Thank you, Mr. Chair.
First of all I want to thank Mr. Cooper for his passionate defence of this bill. I certainly appreciated his reaching out to me in a phone conversation to talk about some of the finer details of the bill. I too voted for this bill at second reading because I agreed with the principle. I don't think there's a person in this room who denies that what happened with Constable Wynn and Shawn Rehn wasn't a good thing. It was a problem. It's a failure in the way things currently operate.
I too have independently given my full and legitimate consideration to this bill and to all the witness testimony we've heard and the briefs that were submitted. I've also consulted with caucus colleagues who are expert lawyers and with people outside of the caucus in the legal community as well. Weighing what I have seen, witnessed, and read, the evidence in my considered opinion is stacked against this bill.
I do want to say, however, that what happened to Constable Wynn does not.... We can honour his memory. This does not have to be the end of the road for honouring his memory. I sincerely think that what happened in this particular issuance does not warrant a legislative solution. I think we've heard from many witnesses that there is plenty of room for administrative solutions, whether it's through more resources for our justice system, making sure police records are timely and up to date in every part of this country, or even giving more educational opportunities to crown counsel to learn from this opportunity. I don't think we should end the road at this particular issuance.
Now, the Minister of Justice has met just recently with her provincial colleagues. I'm glad to see that this meeting has finally occurred, that the Liberal cabinet has finally acknowledged the crisis that is in our justice system, because the Jordan decision was a long time ago. I think Mr. Cooper's criticisms of the justice minister are valid; I share many of them. There have been vacancies in our courts for far too long. The legislative agenda of this government, particularly with justice bills, seems to be in tatters. It has taken 18 months to get bills forward on marijuana legalization, on impaired driving laws, and the zombie provisions of the Criminal Code. I have to ask myself what the cabinet, particularly the Minister of Justice, has been doing all that time, because there are some very important bills sitting on the Order Paper that have not yet come to second reading debate.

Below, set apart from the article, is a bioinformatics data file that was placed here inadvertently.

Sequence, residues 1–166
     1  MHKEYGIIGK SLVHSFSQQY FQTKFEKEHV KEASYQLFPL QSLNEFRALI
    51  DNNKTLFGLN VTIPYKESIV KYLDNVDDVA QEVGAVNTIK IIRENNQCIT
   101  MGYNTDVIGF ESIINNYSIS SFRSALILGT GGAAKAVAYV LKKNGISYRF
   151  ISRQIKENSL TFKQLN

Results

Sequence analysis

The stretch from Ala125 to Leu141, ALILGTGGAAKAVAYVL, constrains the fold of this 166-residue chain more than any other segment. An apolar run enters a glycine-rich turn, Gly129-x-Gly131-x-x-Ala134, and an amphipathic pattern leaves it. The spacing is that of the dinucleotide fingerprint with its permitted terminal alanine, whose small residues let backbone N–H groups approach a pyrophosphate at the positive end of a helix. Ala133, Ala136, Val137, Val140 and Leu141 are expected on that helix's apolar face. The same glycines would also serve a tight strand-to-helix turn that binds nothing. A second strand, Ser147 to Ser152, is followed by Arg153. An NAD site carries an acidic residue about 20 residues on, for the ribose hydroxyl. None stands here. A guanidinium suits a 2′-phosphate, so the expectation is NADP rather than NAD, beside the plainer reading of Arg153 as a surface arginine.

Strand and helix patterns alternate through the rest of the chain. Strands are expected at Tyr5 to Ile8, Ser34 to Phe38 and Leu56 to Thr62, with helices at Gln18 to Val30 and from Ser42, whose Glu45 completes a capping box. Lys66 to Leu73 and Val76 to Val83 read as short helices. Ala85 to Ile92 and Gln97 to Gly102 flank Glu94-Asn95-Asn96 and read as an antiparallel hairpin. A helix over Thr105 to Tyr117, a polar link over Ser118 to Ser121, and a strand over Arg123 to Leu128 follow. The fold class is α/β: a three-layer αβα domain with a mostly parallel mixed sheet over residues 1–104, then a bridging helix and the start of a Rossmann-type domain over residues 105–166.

If I may impart some advice to my Liberal colleagues, the next time you have the opportunity to speak to the cabinet, say that there are several very important justice initiatives that can wait no longer; that we need to see properly funded resources for our justice system, whether it's in legal aid, appointing members to the bench, or providing for more administrative services in courtrooms.
We also need, though, to see this legislative agenda put forward so that we can start debating it, because if you look at the remaining timeline we have in Parliament, June 23—the last possible day we have to sit until September—is fast approaching. I would say that it's time to roll up our sleeves and really get to work on some of these pressing issues.
While I will not be supporting Bill S-217, then, don't think for a minute that this is the end of pressuring this government to get to work on these outstanding justice issues.